Family, friends remember Havasu pioneer Stellene Matzdorff
She absolutely, positively didn’t want to live in Lake Havasu City. For one thing, it wasn’t even a city in 1963. It was more of an outpost. At age 27, Stellene Matzdorff was a lively young married woman with a toddler. She and her husband Lyle lived in Phoenix, surrounded by friends and family. She had a busy social life, tended to her young family and enjoyed the many activities and shopping opportunities that Phoenix offered.
Then the future came knocking.
Lyle had a chance to get in the real estate business with his father-in-law, Chet Chenoweth. Chet founded Continental Land & Investment in 1957 and had business interests in Havasu. Lyle believed Havasu had growth potential, so he looked after Chet’s interests and began selling real estate in Havasu. He had to drive home to Phoenix every weekend on rough roads. After a year, the travel and being away from his family during the week was taking its toll. He truly had his work cut out for him to convince Stellene to relocate to Havasu.
“She did everything she could to not come. She thought it was the Wild West here,” Lyle said, adding that eventually, he got the job done. Havasu’s population went up by two when Stellene and their son Lance moved to town.
And that’s when Stellene’s utter devotion to Havasu began. She fell in love with the then-tiny desert community. Lyle said her love affair with Havasu continued for 54 years — right up until the day she died unexpectedly on Sept. 16.
Stellene was 82.
“We devoted our entire lives to Havasu,” Lyle said. “We do love it. In those early years, people were very social. But there wasn’t much to do, so they had to make their own fun. Everyone was participating to get things done, to build the town. Stellene loved that part.”
As her family and friends mourn her passing, they welcomed the chance to share details of Stellene’s life with Today’s News-Herald. The one thing they didn’t need to mention was Stellene’s lasting civic contributions to Havasu over the decades. They are immeasurable. She helped shape many of the unique features of the town and kept working at it just a few short weeks before she died.
The Matzdorff family grew right along with Havasu. Sons Lonny and Lenny were born and the family of five was complete. But Stellene’s job of helping to build a city was just beginning. Son Lance Matzdorff wrote of his mother’s efforts via email on Wednesday, three days after her death.
“What I remember most about my mom is she was always interested in what us boys did; trying to stay ‘in the loop’ of what kids were doing… She was young at heart clear until the end. She…seemed to have endless energy, always going to some organization meeting or outing. I remember while growing up that in the evening there was always someone calling for her. Even though raising three kids on top of the commitments she had, she also took us to all of the after-school events we were in,” Lance wrote.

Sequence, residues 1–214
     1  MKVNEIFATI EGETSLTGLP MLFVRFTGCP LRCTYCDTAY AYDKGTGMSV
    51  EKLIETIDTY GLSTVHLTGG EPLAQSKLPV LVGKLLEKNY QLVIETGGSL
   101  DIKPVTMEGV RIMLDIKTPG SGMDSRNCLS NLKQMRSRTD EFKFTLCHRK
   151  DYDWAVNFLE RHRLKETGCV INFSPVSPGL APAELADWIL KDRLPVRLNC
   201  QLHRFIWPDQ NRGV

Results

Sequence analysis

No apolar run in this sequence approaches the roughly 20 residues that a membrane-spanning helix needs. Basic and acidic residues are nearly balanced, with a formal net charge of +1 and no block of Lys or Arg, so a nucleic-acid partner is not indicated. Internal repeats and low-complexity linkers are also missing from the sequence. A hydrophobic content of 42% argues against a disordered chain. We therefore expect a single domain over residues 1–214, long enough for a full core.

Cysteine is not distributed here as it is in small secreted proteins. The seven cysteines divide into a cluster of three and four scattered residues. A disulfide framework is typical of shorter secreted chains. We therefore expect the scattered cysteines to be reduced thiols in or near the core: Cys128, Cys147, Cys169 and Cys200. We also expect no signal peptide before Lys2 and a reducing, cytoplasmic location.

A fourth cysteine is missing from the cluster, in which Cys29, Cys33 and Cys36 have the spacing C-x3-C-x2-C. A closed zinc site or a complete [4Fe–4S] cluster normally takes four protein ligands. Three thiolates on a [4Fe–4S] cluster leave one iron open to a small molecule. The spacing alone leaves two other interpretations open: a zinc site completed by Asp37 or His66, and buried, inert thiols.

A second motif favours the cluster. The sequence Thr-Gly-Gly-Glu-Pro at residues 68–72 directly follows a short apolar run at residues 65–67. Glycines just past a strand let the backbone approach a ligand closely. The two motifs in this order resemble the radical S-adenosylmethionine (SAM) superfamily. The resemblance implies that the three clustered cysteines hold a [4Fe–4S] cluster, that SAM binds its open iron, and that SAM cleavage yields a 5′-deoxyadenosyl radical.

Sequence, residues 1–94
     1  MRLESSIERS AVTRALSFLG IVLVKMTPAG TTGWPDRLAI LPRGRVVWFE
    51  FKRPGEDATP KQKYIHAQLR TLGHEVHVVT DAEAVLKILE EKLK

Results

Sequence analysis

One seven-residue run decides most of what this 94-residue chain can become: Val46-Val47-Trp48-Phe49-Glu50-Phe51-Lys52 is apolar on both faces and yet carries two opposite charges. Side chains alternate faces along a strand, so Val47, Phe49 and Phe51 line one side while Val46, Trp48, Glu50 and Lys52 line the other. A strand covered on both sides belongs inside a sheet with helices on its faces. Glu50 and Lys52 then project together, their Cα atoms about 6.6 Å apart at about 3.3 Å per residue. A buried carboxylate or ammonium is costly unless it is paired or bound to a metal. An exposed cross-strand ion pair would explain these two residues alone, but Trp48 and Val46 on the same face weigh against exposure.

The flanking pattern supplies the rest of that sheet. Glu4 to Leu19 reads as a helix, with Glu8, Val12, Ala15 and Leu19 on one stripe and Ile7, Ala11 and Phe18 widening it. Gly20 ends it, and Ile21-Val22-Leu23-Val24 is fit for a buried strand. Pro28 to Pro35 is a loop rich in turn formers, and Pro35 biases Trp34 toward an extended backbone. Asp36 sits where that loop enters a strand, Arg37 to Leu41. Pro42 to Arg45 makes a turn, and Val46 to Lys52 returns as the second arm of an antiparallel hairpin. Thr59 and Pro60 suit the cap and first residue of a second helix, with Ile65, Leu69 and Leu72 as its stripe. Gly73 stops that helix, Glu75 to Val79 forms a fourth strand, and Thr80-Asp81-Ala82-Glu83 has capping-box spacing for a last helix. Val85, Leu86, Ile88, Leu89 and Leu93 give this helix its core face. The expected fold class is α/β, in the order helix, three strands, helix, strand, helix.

Judy Whelan moved to Havasu in 1973 and spoke of her decades-long friendship with Stellene.
“She was totally committed to Havasu,” Whelan began. “She was smart, organized and always an optimist, even as her health declined,” she said. “Stellene had a great memory, too. She knew all about Arizona. If I was going somewhere in the state, she could tell me what route to take, what restaurant to go to and she’d tell me the waitress’s name.”
Stellene and Whelan were highly involved in civic activities.
“Over the years, we took on a lot of projects. Both of us were impulsive. We’d jump into things before we thought about it. Maybe that’s why we always got along. And whatever we did, Stellene was always very well turned out. She never went anywhere looking sloppy.
“I’m going to miss the fact that she always challenged me to keep up with her. In our conversations, she would jump from topic to topic, and I would say, “Slow down! I want to ask you something about that. But she wouldn’t let me. She’d say, ‘No! I’m not done with my list yet.’ And she would keep on going,” Whelan said.
Stellene’s husband Lyle explained that he and Stellene always had a good-natured joke around their house about Whelan. He said, “You know, there are three types of communication: The telephone, the television and tell Judy Whelan.”
She didn’t mind being the butt of the Matzdorffs’ inside joke, Whelan said.
“Stellene would tell me a story and then I’d be blabbing that story all over town,” Whelan laughed. “It would get back to her. She would say to me, ‘Stop telling that story!’ Stellene had such a good sense of humor. We worked hard on things, but we sure had a lot of fun.”